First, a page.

Brooklyn Park school seeing success with scientific reading approach

Two-thirds of Minnesota fourth graders are not proficient at reading, more than ever since the state started testing in 1992.

The state legislature aimed at making improvements through the READ Act passed this year. They might look to the Anoka-Hennepin School District where results are improving with a possible solution based on science.

They tossed out a decades-old approach at Monroe Elementary last year when they officially implemented the Bridge to Read program.

"Meet the Komodo dragon," reads student Theo Nguyen. "Komodo dragon is the largest lizard in the world."

Komodo dragons and king cobras entertain Theo in some of his favorite books. The first-grader is a strong reader who started with fundamentals.

He’s part of Monroe Elementary’s all-in effort to shift their approach to reading, with the Bridge to Read program.

"Bridge to Read has been a big part of Monroe, I'm pretty sure," Theo said. "And I like how we start with the easy things."

The program is built on scientific research about how our brains move from speech, which comes naturally, to reading, which doesn’t. Anoka-Hennepin literacy specialist Dr. Lisa Silmser says the transition wasn’t easy, mainly because it started with admitting their whole language approach was failing.

"We knew that what we were doing wasn't working as well, and we knew that already the results were not so great," said Dr. Silmser. "But when we shifted to teaching the way the brain learns, kids were lighting up."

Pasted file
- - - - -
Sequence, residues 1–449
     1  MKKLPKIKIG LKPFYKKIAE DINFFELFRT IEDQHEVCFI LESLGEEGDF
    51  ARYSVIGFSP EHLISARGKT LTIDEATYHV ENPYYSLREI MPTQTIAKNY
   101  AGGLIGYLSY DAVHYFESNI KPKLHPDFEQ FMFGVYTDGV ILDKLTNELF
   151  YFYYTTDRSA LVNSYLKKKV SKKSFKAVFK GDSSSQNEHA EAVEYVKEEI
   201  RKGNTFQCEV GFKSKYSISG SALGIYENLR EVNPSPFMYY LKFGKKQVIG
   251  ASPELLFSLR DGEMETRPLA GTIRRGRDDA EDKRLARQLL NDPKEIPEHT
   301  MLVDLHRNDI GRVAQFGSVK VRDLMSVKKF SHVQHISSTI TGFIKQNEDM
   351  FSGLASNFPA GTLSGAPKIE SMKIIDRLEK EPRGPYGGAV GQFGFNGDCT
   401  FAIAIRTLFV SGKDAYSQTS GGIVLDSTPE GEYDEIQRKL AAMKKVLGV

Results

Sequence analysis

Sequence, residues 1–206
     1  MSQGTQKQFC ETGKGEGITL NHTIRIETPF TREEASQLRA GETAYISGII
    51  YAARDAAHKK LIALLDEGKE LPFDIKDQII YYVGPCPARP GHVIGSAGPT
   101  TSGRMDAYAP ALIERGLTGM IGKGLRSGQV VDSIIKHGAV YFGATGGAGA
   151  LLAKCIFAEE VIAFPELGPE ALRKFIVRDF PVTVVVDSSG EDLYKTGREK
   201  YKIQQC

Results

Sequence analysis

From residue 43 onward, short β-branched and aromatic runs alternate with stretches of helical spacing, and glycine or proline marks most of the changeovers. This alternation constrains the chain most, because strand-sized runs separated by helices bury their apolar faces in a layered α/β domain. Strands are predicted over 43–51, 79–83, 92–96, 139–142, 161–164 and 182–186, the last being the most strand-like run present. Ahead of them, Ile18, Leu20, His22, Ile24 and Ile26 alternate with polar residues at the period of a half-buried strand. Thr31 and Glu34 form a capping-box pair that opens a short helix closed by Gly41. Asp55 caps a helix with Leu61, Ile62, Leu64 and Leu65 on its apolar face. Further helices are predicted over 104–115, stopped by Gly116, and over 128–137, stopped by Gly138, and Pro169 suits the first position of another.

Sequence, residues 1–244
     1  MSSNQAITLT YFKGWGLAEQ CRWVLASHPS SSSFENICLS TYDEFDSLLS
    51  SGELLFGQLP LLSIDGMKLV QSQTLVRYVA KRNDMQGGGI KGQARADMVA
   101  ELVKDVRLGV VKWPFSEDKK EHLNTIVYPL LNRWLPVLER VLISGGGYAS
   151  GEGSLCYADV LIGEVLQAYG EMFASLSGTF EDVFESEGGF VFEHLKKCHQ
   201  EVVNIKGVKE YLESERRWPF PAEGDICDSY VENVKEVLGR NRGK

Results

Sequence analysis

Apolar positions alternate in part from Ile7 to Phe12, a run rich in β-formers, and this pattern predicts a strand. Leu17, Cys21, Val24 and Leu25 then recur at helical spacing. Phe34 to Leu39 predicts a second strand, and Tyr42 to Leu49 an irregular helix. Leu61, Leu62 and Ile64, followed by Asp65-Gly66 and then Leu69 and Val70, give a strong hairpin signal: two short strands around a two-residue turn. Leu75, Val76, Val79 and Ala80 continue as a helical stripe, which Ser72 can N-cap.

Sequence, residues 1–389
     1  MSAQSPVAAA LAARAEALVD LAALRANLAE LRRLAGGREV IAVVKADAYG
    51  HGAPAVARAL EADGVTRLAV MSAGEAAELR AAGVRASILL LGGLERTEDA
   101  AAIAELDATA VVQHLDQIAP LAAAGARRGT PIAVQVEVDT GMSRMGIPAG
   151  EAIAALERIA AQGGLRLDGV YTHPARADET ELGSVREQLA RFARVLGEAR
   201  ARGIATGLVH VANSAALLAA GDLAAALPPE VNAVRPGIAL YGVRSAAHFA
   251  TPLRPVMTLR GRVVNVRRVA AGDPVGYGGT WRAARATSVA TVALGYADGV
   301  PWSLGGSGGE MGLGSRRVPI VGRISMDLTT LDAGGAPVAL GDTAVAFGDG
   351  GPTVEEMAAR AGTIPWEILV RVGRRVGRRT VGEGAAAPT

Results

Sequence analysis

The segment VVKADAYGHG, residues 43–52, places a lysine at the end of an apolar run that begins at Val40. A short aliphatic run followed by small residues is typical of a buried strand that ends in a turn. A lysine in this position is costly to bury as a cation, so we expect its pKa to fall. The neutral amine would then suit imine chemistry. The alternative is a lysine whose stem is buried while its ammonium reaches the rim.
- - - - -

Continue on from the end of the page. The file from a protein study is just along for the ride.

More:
Bridge to Read uses structured literacy, so kids learn phonics first. And then, like moving on to subtraction from addition, or climbing the rungs of a ladder, they add syllables and compound words.

The Minnesota Department of Education is considering new reading curriculum under the READ Act and Dr. Silmser is embracing the focus on funding structured literacy.

"It will help schools be more efficient," Dr. Silmser said. "It will help schools get the training they need for their teachers. It will help them get the curriculum that makes the lift easier for teachers."

Monroe’s improvements are anecdotal for now since the K-2 kids won’t get tested until fourth grade, but they see massive results already when they chart students’ reading abilities using the colors of a stoplight.

"We used to have a lot of red and a lot of yellow, and now it's mostly green," Dr. Silmser said.

The school’s new approach won it the Future Award from the Minnesota Business Partnership just last month.